Kari Neumeyer thinks Groucho Marx was onto something when he said, "Outside of a dog, a book is man's best friend. Inside of a dog, it's too dark to read."
Kari's name rhymes with safari. She has a master's degree in journalism from Northwestern University's Medill School and has worked for news outlets in Washington state and the Czech Republic.
She grew up in Los Angeles and graduated from the University of Southern California's School of Cinema-Television.
Now she lives in Bellingham, Washington, with her beau, Rob, and their dog family.
In her spare time, she volunteers teaching an adaptive martial arts class to adults with developmental disabilities at the Max Higbee Center, fostering a love of creative writing to Whatcom Young Writers, and walking shelter dogs at the Humane Society of Skagit Valley.
She blogs about dogs at KariNeumeyer.com.
With chapters ranging from how to choose a breed (and where to get it from), to the joy and chaos of puppies, to feeding and training your dog, to choosing a vet and even how to cope with illnesses and death, The Goodness of Dogs will take you through every facet of dog ownership.
Full of India Knight's inimitable wit and the sound advice she is famous for, and beautifully illustrated by artist Sally Muir, this book will make the perfect gift for any dog-lover.
But her first full-length book is not about international literature or the state of the novel. It is about dogs. Two dogs in particular, with the unlikely names of Bilbo and Frodo. She adopted the first from a horrible dog pound, and the second decided he liked her and moved in to join the family. She was in her very early twenties, an intensely serious student and runner who had just moved to Ireland from California. The dogs became her most loyal companions for over twenty years, witnesses to an often difficult human life and more important to her than most other humans.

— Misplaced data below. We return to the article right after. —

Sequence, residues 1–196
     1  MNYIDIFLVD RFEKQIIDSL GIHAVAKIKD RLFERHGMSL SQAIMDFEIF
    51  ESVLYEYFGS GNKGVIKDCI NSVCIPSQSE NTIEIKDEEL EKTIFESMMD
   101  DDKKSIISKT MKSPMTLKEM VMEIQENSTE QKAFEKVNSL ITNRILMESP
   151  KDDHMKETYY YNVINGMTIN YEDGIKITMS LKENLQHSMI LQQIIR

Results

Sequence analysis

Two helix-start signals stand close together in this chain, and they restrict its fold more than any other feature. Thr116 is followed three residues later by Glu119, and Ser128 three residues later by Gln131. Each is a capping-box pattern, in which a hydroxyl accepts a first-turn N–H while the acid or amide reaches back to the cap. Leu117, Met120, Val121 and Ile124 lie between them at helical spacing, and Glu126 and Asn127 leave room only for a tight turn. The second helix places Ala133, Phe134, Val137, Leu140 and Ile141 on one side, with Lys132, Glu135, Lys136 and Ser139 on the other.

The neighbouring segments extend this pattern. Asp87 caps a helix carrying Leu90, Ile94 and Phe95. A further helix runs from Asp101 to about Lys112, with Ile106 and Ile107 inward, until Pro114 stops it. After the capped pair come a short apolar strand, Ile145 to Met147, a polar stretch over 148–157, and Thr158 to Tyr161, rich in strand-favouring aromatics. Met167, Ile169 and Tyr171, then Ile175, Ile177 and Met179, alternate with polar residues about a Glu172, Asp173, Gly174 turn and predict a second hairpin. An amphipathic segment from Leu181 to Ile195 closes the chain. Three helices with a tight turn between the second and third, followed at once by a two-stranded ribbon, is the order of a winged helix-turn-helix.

This book is about two animals with personalities, emotions and prejudices. It is unlike any other book ever written about dogs. It is not sentimental or twee. Battersby became intimately involved in the lives of these intelligent, shrewd creatures, and brings them to life with rare passion and insight. She writes honestly and movingly about the reasons why, for certain people - especially women - there is more integrity in the mysterious relationship with a mammal who cannot speak than there is in most of the relationships that human society has to offer.
Vanity Fair's Summer Ultimate Fiction List
Entertainment Weekly Summer Preview List
In this electric and provocative debut novel, Tamblyn blends genres of poetry, prose, and elements of suspense to give shape to the shocking narratives of victims of sexual violence, mapping the destructive ways in which our society perpetuates rape culture.
A violent serial rapist is on the loose, who goes by the name Maude. She hunts for men at bars, online, at home— the place doesn’t matter, neither does the man. Her victims then must live the aftermath of their assault in the form of doubt from the police, feelings of shame alienation from their friends and family and the haunting of a horrible woman who becomes the phantom on which society projects its greatest fears, fascinations and even misogyny. All the while the police are without leads and the media hound the victims, publicly dissecting the details of their attack.
What is extraordinary is how as years pass these men learn to heal, by banding together and finding a space to raise their voices. Told in alternating viewpoints signature to each voice and experience of the victim, these pages crackle with emotion, ranging from horror to breathtaking empathy.
As bold as it is timely, Any Man paints a searing portrait of survival and is a tribute to those who have lived through the nightmare of sexual assault.